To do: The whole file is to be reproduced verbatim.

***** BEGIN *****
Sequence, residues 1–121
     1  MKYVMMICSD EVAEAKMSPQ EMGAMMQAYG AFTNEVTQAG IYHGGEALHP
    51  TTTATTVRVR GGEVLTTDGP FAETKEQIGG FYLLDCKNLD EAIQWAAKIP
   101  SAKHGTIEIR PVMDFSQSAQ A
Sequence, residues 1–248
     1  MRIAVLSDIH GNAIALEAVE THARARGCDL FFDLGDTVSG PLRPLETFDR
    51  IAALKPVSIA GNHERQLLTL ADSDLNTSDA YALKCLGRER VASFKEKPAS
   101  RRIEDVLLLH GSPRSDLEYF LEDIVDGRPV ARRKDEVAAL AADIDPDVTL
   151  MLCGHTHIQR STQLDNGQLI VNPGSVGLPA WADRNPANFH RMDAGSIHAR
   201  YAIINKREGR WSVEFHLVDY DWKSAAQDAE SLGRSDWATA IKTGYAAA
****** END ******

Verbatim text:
Sequence, residues 1–121
     1  MKYVMMICSD EVAEAKMSPQ EMGAMMQAYG AFTNEVTQAG IYHGGEALHP
    51  TTTATTVRVR GGEVLTTDGP FAETKEQIGG FYLLDCKNLD EAIQWAAKIP
   101  SAKHGTIEIR PVMDFSQSAQ A
Sequence, residues 1–248
     1  MRIAVLSDIH GNAIALEAVE THARARGCDL FFDLGDTVSG PLRPLETFDR
    51  IAALKPVSIA GNHERQLLTL ADSDLNTSDA YALKCLGRER VASFKEKPAS
   101  RRIEDVLLLH GSPRSDLEYF LEDIVDGRPV ARRKDEVAAL AADIDPDVTL
   151  MLCGHTHIQR STQLDNGQLI VNPGSVGLPA WADRNPANFH RMDAGSIHAR
   201  YAIINKREGR WSVEFHLVDY DWKSAAQDAE SLGRSDWATA IKTGYAAA